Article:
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Hormel Hits Record Sales, Profits, As Bacon And Lunch Meats Thrive


Star Tribune

The only trouble spot was with turkey, as Hormel and other producers grapple with too much of it.

Hormel Foods Corp. reported record sales and record profit Thursday, but still missed analysts’ expectations for its second quarter.

The Austin-based food company’s profit rose 13 percent to $237.4 million, or 44 cents a share, for the quarter ended April 20. That missing Wall Street analysts’ consensus forecast by a penny. Hormel said it still expects to earn $1.81 to $1.95 a share for the full fiscal year.

Refrigerated foods — the company’s largest business unit with brands like Hormel Natural Choice lunch meats, Hormel Bacon 1 and Hormel pepperoni — reached a new sales record, up 14 percent from a year ago.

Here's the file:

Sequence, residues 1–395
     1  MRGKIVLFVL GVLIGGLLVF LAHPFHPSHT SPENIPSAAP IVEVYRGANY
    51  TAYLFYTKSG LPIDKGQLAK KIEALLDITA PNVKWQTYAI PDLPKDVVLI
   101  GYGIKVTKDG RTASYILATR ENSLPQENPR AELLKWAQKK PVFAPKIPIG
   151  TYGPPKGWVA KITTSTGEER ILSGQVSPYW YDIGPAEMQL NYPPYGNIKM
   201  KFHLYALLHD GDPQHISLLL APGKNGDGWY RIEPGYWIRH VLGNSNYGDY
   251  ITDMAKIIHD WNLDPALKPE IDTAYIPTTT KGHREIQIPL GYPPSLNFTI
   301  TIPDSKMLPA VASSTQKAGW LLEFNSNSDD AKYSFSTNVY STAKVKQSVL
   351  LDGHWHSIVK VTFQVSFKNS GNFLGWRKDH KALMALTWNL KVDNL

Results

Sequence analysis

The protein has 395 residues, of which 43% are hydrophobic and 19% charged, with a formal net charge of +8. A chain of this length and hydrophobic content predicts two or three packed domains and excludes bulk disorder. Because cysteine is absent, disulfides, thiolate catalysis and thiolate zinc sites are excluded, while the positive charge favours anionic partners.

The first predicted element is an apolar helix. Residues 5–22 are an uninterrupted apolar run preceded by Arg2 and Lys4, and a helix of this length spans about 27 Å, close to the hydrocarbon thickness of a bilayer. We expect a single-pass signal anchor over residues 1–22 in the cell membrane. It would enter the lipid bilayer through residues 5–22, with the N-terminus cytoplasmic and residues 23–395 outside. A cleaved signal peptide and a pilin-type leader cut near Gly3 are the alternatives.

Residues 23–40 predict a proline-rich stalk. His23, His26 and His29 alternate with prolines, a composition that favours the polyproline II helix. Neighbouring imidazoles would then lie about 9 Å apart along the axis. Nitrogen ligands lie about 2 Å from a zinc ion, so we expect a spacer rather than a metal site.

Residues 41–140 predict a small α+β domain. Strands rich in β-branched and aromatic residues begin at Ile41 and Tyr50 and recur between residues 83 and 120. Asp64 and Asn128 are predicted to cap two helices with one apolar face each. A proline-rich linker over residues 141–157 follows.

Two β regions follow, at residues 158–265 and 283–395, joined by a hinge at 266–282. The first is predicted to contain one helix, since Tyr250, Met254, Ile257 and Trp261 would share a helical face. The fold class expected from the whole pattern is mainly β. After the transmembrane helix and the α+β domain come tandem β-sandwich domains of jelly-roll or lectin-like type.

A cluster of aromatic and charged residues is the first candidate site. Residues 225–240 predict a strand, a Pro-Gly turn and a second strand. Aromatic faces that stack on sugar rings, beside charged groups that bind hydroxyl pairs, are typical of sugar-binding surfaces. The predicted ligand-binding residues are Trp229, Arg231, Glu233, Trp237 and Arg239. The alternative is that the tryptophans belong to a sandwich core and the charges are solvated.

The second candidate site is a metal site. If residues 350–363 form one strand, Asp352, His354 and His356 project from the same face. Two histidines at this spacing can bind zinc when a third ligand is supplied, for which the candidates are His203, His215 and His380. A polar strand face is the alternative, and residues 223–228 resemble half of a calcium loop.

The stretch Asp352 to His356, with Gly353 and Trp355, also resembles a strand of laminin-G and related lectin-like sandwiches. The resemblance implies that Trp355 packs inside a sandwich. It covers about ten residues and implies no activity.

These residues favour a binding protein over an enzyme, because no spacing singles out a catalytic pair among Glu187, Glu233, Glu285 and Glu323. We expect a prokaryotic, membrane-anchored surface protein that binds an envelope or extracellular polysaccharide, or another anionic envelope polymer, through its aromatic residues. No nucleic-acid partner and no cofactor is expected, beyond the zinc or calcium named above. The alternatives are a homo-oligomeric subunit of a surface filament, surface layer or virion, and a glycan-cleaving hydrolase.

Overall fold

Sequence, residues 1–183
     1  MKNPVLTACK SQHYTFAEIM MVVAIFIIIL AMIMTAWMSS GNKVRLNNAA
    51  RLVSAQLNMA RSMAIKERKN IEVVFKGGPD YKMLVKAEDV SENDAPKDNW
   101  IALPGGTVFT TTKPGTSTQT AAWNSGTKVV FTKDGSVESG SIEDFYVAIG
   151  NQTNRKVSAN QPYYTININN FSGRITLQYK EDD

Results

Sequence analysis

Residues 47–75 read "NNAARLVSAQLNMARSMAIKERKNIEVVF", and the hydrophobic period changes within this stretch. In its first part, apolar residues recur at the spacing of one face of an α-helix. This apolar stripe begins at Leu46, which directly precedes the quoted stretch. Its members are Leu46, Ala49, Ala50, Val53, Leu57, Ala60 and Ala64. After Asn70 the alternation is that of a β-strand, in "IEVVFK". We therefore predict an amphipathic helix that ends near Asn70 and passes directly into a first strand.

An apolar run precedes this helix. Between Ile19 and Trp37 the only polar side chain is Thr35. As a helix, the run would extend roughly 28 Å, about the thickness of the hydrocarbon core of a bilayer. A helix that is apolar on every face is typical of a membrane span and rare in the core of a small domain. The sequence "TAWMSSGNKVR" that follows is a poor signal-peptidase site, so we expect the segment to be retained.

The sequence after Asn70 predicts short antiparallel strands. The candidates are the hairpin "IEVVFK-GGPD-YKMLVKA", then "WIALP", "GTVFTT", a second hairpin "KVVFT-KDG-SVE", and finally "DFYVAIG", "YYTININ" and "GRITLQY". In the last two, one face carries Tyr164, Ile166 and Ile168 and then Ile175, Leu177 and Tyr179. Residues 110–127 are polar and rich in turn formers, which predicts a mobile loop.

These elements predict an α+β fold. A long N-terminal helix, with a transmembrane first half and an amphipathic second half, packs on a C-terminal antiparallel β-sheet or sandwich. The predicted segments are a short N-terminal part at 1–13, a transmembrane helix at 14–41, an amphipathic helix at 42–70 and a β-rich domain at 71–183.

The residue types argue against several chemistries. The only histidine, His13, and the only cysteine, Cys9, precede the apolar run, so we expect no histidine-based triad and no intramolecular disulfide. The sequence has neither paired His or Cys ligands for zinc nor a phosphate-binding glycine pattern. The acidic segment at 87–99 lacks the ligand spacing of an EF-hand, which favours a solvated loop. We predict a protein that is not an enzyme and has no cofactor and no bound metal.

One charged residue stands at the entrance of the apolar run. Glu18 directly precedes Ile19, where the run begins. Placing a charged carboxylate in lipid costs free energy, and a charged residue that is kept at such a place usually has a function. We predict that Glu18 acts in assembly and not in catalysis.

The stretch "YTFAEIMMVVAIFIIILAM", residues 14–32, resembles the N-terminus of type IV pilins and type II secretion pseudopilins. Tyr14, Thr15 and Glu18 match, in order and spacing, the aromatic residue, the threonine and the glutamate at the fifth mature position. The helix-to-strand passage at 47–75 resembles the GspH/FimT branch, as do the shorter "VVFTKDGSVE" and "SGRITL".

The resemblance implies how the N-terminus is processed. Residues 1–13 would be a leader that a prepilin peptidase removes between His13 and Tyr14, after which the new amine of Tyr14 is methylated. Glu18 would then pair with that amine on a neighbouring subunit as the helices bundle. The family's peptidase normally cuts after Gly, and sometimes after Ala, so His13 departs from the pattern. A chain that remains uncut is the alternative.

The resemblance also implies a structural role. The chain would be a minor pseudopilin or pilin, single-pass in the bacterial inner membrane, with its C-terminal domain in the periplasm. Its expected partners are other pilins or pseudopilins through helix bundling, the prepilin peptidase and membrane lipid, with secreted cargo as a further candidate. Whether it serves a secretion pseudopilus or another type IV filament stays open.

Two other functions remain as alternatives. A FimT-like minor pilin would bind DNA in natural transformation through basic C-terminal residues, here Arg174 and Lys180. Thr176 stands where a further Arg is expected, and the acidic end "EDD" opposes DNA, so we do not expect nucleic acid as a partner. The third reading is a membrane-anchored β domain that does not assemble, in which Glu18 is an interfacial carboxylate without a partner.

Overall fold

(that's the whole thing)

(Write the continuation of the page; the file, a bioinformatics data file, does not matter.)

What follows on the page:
The hog market can greatly impact this segment. This last quarter, Hormel’s commodity profits declined 25 percent but still managed to achieve an 18 percent profit margin.

“We were particularly pleased with the bottom-line performance from (the) refrigerated foods (segment),” said Jim Snee, Hormel’s chairman and chief executive. “Our balanced business model helped mitigate higher freight costs and a difficult commodity environment.”

Hormel recorded $2.3 billion in net sales in the quarter, a 7 percent increase over the same period a year ago.

The company, which also makes of Skippy peanut butter, Spam and Wholly Guacamole, achieved the record results despite rising freight costs and volatile hog prices.